'Accept' => 'image/gif, image/x-xbitmap, image/jpeg,
image/pjpeg, image/png, */*',
'Accept-Charset' => 'iso-8859-1,*',
'Accept-Language' => 'en-US',

$response = $browser->get($url, @ns_headers);


Some websites might refuse to accept data from you, unless you come from a
particular URL: to check this, servers give a look at your referer, so you
might need to change it to a desired value. To do this, you have to work on
"request" object: first you should create it specifying which kind of request
(GET or POST) you want to send; then, you should add the referer with the
"referer" method. The following example shows you the steps you have to do
when you POST data to a form (in this case, $POST_URL and $REFERER_URL are
variables which contain, respectively, the URL you want to send your request
to and the URL you've decided you are coming from).

-- LWP::UserAgent - 03 - custom referers

# create request object, passing method
my $req = HTTP::Request->new(POST => "$POST_URL");
# this is used for post
# line to post
# this is an example string which will be sent to a search engine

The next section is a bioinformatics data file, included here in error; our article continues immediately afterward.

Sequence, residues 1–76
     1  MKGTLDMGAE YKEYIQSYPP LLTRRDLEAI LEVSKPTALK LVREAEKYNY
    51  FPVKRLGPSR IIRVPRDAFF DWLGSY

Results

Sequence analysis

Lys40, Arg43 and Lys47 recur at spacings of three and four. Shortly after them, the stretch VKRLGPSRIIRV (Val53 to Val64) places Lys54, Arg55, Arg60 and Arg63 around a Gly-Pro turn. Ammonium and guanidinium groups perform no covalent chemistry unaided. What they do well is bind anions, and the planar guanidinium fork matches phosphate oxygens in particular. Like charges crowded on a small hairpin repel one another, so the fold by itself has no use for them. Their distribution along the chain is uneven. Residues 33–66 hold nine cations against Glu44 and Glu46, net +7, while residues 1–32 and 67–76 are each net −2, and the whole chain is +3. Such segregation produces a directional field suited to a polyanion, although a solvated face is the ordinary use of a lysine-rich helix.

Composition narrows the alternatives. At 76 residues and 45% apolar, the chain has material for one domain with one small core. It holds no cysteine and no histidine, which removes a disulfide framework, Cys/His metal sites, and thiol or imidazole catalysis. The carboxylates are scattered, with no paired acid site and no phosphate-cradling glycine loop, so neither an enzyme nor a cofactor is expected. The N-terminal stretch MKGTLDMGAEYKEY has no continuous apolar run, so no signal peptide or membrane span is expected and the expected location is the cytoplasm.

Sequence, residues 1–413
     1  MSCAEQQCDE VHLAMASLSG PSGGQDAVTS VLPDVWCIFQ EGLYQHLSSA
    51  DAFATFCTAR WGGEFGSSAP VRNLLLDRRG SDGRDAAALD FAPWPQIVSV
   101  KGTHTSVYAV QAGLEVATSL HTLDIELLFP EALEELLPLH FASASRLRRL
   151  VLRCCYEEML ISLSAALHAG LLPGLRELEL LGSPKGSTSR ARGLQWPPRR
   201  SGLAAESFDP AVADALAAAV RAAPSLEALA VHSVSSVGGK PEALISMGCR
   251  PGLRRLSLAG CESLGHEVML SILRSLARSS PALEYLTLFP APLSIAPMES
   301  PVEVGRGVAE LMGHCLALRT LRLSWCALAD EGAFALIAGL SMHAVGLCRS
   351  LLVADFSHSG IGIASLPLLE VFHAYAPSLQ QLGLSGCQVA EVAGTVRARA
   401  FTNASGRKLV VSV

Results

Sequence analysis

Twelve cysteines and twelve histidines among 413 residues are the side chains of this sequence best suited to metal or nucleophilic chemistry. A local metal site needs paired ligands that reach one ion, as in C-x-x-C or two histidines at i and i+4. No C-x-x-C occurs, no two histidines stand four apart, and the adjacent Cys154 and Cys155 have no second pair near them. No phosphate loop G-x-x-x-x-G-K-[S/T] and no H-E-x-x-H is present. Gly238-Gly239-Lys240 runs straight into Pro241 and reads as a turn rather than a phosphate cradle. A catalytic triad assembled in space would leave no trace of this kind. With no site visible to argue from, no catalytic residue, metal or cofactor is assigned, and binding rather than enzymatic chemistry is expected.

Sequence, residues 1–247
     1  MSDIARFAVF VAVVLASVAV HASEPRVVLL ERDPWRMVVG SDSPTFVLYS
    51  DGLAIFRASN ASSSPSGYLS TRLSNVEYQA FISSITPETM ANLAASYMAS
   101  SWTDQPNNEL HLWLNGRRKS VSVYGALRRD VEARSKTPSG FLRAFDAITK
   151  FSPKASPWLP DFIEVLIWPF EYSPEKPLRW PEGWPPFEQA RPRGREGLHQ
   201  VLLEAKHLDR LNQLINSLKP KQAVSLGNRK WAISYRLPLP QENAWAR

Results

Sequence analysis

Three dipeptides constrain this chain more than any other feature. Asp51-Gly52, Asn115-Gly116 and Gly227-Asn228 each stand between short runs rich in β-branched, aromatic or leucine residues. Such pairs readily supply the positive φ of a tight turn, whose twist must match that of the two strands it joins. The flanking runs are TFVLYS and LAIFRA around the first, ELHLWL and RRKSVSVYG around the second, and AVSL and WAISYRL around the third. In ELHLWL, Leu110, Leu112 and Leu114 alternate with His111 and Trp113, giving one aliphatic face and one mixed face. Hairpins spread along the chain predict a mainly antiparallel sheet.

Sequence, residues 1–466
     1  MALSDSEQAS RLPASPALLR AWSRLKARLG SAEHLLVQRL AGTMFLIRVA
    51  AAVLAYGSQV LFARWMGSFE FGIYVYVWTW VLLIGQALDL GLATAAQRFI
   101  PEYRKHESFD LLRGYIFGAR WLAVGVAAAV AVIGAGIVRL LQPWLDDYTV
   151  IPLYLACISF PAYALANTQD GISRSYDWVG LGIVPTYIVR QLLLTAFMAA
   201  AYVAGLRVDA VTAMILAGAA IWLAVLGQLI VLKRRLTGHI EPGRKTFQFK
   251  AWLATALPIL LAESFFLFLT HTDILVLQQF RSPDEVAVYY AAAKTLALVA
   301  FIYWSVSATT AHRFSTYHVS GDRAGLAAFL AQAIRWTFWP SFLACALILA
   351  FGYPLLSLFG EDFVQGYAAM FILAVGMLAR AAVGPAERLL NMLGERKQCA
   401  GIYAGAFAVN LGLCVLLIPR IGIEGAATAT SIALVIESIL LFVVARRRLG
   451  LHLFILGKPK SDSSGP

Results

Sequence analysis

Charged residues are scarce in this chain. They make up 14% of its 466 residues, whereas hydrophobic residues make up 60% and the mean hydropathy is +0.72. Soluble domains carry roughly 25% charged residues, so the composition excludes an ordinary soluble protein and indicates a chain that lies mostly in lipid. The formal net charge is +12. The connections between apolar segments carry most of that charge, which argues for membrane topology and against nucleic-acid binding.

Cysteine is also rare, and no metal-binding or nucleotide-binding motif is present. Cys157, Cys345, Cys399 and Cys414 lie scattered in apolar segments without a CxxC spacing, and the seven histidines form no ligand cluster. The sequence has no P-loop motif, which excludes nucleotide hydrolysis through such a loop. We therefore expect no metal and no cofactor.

# referer URL

my $res = $ua->request($req);

In the previous example you've seen how to POST form data. In particular, we
have used a string (the one specified with the "content" method of the
"Request" object) of concatenated elements. However, there's another way to
do the same thing: you can give the "post" method of the "UserAgent" object,
together with the destination URL, a hash (that is, an array containing
key/value pairs) with the parameters you want to send.

-- LWP::UserAgent - 04 - post form data

my $ua = LWP::UserAgent->new;

my $url = 'http://url.of.the.form/path/form.php';

my $response = $ua->post( $url,

[ 'param1' => $value1,
'param2' => $value2,
'param3' => $value3,
'param4' => $value4,

Remember (I had to bonk my head over the monitor for a while before I found
this) that often, after a POST, you might be redirected to another page. To
have your UA return the page you're interested in, and not the one which
just contains the redirection to the page you want, you'll have to insert
the following line before your request:
push @{ $ua->requests_redirectable }, 'POST';